Tips for Antiques and Collections

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See details of Sandy’s home in New Hampshire.

Finding Good Stuff

Sandy Wells likes to frequent the York Antiques Gallery (207-363-5002, yorkantiquesgallery.com) in York, Maine, but otherwise prefers to attend New Hampshire and Vermont antiques shows. “High-quality dealers tend to save their best stuff for those shows,” she says. She especially enjoys Antiques Week in Manchester, New Hampshire, held during the first week of August each year.

For a complete list of antiques shows and auctions, as well as feature stories and book reviews related to the antiques business, Sandy recommends the Maine Antique Digest. This monthly paper is available at many newsstands, or you can subscribe by calling 800-752-8521.

Sandy’s Tips

1. Purchase from reputable dealers. (This is especially important if you’re new to the world of antiques.) Not only can you usually trust what you buy from them, but they can educate you about how to discern what’s authentic. It’s not always easy to determine which dealers are reputable, according to Lincoln Sander, executive director of the Antiques Dealers Association of America. His advice is to use common sense, do some research, and ask whether the dealer will document the history of an expensive piece as well as guarantee the merchandise in writing.

2. Go to as many antiques shows as you can, and look, look, look. This is the best way to educate yourself.

3. Buy what you love.

4. Don’t necessarily hold on to all your collections. That’s part of the secret of avoiding clutter. A no-longer-loved item in your own home may make the perfect accent piece in the home of a friend.

5. Make sure you can see and display the things you love. If you have too much, many objects will wind up languishing in storage.

6. Move things around. You’ll get a new appreciation for them. You get used to looking at things where they are, and after a while you no longer see them.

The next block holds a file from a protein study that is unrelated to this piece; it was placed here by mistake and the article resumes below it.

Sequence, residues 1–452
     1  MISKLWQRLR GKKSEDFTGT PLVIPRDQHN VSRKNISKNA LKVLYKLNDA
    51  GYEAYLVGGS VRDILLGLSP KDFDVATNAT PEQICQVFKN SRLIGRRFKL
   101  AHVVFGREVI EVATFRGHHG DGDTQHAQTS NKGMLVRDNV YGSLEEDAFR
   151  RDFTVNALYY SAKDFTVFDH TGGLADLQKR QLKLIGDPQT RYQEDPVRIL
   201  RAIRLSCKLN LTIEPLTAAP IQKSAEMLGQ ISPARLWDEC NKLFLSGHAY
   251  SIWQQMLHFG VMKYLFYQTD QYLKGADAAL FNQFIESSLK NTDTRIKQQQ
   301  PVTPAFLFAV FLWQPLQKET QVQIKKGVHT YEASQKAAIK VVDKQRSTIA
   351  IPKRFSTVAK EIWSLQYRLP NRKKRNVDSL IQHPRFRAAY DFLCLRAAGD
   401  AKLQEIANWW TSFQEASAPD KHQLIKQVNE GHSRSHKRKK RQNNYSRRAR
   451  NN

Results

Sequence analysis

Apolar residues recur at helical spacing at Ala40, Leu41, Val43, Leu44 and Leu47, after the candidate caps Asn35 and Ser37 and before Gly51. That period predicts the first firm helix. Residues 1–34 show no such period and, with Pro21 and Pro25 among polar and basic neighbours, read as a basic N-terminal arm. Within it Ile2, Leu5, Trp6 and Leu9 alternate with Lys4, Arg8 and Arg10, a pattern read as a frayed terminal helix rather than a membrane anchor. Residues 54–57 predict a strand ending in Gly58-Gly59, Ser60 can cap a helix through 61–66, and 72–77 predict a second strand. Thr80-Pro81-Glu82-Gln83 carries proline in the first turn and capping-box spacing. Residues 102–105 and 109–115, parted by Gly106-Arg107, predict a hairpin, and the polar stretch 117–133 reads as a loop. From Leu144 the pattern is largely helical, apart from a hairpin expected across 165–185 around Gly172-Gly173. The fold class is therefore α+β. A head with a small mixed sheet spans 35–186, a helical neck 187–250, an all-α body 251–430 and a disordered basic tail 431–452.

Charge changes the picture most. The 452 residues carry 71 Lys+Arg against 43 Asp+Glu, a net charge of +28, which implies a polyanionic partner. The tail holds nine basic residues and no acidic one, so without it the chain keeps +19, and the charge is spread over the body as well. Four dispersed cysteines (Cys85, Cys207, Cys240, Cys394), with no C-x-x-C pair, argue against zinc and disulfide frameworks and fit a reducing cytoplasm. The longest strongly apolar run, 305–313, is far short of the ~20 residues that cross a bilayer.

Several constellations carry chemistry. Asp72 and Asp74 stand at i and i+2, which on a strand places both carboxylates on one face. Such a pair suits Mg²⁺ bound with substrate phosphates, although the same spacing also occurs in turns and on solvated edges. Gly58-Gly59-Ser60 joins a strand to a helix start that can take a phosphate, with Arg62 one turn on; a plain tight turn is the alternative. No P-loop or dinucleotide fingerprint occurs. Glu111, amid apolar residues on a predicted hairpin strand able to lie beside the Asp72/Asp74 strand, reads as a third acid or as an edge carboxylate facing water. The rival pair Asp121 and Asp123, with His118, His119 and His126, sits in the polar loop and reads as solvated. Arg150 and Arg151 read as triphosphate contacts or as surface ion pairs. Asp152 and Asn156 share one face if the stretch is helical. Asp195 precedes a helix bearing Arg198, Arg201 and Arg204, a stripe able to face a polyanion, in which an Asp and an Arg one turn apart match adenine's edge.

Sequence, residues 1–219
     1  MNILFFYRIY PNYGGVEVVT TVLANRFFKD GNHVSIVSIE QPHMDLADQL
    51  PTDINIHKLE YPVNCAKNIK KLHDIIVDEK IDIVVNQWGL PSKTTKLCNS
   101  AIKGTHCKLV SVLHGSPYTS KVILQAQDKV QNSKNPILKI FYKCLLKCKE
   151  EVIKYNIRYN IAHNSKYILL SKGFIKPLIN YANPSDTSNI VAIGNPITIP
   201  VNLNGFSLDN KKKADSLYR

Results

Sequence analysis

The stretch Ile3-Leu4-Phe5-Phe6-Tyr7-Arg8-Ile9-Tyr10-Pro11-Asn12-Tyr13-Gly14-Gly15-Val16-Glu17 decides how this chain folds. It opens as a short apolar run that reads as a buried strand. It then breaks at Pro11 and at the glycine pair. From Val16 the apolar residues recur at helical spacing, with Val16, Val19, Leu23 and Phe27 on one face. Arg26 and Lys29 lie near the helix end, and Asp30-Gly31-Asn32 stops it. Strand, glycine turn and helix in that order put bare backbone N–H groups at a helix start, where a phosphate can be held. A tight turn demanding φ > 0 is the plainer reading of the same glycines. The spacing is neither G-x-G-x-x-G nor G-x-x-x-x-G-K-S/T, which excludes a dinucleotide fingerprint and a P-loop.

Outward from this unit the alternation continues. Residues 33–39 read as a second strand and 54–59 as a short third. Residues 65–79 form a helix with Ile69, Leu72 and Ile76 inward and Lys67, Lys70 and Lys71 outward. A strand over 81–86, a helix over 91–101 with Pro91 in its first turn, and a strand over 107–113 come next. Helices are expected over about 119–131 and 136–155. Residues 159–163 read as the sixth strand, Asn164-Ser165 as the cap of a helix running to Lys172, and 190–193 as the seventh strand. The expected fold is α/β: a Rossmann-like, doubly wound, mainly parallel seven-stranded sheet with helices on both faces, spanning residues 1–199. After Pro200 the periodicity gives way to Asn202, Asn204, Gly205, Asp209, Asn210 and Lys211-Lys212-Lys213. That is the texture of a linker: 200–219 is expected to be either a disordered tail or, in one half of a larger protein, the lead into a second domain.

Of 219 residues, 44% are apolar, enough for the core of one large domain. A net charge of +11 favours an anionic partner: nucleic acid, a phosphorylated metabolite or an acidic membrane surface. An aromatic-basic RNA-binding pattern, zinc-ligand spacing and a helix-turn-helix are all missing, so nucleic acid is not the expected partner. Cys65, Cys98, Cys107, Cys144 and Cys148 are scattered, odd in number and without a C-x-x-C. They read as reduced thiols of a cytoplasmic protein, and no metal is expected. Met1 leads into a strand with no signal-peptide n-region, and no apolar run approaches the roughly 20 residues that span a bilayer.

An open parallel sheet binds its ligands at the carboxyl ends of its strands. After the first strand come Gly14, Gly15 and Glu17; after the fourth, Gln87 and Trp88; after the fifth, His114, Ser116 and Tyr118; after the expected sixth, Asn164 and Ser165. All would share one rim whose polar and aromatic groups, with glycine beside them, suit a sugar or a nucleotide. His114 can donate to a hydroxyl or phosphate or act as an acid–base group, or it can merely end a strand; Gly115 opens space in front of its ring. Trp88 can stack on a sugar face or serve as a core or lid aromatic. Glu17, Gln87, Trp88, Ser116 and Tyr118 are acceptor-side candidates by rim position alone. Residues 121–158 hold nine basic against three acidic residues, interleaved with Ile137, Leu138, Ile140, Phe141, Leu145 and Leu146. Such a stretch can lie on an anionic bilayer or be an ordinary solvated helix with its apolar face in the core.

7. Be careful of color combinations when you display your antiques. Make sure things actually go together. It’s okay to mix contemporary with old, though — it can create a distinctive and refreshing effect.

8. Try not to scatter collection items throughout the house. They’ll be more attractive and orderly looking if presented together.

9. Avoid cramming items together, though. Try to keep a clean look, letting your special items show themselves off while not overwhelming the eye.

10. Insure valuable items, listing them individually.

  • Can anyone recommend a reputable dealer that would give a fair price on items to be sold? I know there are many dealers out there, but I don’t know how to find one. Thank you..

  • If the company that makes what you collect still exists, such as Fenton, check to see if they have a website. Often, you can sign up for a free newsletter online, that will tell you of any shows or exhibits coming up, also, tell you what pieces are worth and the history behind them.
    Check libraries. You’d be amazed, at the number of books are written about practically anything from furniture to glassware to toys to tools that can be collected! If you find one book particularly helpful, regarding price and worth and info on condition and care, it might be worth seeing if you can buy a copy at a bookstore or online.

  • The article is excellent, but I would like a more in depth article.
    Maybe in a future issue?


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